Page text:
In modern structure, terrorism is deeply implanted and faced changes during the last two centuries. The term terrorism was first conceptualized in French Revolution. Terrorism was seen as the indispensable tool to establish a democratic order. Seeking a radical transformation of society, the group’s members understood terrorism as a temporary necessity to «raise the consciousness of the masses» and selected victims for symbolic reasons. (Rapoport, 2001) Although their objectives were never achieved, their influence endured to generate «culture of terror» for successors to inherit and improve. Until well into twentieth century, terror usually meant state terror. (Walker, 2001)
Later on, the term terrorism involved extra normal acts of violence or acts designed to violate conventions that regulate violence. As David Rapoport, divides terrorism to 4 waves. First wave was stimulated by massive political and economic reforms. The second wave began in 1920 and crested in the 1960s. Oddly, its principal stimulus was a major war aim of the victorious allies in both worlds as: national self determination. The killing of civilians to sow fear and secure political gains was rampant, even in developed nations. (Greenberg, ¶ 7)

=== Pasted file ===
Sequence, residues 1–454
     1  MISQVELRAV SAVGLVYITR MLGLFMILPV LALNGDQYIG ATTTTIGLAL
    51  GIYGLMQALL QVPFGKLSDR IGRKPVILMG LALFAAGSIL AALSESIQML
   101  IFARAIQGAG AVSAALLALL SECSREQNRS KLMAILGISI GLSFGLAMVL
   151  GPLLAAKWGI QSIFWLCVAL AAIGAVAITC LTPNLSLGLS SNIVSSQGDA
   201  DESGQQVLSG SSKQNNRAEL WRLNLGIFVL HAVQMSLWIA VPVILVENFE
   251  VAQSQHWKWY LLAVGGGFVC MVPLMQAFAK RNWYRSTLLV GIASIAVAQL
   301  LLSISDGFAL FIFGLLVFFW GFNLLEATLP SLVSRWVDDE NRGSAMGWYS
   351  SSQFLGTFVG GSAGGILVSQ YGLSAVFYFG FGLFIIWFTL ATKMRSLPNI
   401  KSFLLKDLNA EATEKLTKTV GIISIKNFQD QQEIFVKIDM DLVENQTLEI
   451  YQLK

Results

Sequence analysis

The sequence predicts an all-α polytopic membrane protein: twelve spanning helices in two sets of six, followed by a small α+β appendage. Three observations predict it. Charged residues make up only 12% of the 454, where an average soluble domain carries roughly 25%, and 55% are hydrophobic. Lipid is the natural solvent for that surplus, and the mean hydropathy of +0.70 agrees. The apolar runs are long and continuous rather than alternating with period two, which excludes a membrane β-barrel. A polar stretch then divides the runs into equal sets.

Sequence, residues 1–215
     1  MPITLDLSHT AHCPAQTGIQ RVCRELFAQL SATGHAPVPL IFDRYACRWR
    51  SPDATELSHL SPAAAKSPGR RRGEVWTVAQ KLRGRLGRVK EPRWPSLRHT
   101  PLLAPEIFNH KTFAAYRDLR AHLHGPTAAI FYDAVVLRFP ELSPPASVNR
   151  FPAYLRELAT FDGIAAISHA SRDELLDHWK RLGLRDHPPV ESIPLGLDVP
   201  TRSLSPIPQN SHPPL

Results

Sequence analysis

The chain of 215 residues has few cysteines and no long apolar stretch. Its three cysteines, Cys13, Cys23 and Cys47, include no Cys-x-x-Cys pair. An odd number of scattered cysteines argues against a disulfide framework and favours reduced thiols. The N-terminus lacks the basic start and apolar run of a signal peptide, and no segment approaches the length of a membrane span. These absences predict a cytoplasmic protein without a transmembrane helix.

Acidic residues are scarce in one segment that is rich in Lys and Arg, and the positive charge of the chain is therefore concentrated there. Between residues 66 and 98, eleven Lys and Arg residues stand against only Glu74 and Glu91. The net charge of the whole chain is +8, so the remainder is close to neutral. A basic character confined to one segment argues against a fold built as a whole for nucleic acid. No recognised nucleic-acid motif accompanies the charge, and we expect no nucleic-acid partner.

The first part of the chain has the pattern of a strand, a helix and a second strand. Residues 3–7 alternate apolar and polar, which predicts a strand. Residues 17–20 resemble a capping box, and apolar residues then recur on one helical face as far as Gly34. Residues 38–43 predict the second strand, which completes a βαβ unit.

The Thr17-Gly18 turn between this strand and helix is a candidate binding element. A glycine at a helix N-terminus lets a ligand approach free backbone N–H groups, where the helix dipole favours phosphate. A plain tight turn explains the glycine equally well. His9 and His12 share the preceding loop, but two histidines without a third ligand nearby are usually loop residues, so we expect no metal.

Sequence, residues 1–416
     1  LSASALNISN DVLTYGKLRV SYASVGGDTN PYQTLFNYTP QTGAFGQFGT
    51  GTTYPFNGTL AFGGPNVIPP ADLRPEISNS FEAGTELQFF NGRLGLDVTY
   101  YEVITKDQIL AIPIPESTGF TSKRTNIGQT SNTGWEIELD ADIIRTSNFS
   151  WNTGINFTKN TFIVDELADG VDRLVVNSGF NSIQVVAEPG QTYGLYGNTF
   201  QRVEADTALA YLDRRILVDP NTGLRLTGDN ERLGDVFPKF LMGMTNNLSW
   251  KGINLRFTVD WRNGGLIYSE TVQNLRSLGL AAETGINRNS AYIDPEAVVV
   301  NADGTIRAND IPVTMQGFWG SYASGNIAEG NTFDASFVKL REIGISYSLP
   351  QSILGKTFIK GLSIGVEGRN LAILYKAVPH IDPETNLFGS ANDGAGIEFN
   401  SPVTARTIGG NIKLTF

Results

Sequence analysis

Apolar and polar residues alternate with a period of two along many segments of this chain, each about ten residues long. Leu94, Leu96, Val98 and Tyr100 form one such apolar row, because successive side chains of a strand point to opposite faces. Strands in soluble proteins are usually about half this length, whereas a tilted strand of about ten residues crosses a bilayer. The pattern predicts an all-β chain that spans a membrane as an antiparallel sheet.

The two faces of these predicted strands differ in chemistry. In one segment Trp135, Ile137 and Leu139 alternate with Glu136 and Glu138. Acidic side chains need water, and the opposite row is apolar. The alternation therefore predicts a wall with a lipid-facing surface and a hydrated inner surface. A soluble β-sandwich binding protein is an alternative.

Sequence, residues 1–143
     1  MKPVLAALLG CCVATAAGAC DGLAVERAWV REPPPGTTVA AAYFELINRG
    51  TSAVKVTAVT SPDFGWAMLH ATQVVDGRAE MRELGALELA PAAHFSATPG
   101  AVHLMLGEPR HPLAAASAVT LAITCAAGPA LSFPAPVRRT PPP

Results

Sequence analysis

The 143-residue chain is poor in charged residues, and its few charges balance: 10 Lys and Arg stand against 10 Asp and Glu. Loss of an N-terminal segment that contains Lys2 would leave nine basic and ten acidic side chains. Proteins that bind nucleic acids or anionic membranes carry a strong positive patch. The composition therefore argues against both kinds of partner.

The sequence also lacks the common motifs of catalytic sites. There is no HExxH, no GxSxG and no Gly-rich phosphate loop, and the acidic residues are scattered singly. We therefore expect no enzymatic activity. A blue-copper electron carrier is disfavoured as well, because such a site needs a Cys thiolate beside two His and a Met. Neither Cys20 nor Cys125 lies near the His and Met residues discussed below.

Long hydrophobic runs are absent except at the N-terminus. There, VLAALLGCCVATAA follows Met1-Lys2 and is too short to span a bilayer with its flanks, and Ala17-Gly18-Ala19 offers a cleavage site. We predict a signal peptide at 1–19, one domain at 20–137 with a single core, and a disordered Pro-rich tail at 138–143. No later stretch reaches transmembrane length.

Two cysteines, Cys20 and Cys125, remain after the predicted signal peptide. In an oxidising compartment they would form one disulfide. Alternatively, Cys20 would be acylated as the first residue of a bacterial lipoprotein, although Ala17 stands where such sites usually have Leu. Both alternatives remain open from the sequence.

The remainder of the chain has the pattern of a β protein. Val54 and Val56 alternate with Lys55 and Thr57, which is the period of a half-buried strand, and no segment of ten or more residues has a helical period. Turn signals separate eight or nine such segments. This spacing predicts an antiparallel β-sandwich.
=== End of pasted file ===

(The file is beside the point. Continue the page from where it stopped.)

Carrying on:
The term «international terrorism» was used to describe the third wave. Airline hijacking was the third wave’s most novel tactic. Religious elements were found in earlier waves because religious and ethnic identities often overlap. First wave of events clearly indicate that terrorism can exacerbate tensions between states. The third wave of international terrorism was the shortest because it was too dependent on forces. Consequently, there are four major changes in terrorism. As differences occurred by the time and changing of ideology, similarities have been deviating the rules and causing violence.
- Greenberg, D. «Is Terrorism New?»
- Rapoport, D. (2001) «The Fourth Wave: September 11 in the History of Terrorism»
- Walker, M. (2001) «Terrorism: A Brief History of Terrorism» issue 410, p26, October. Source: Academic search Premier.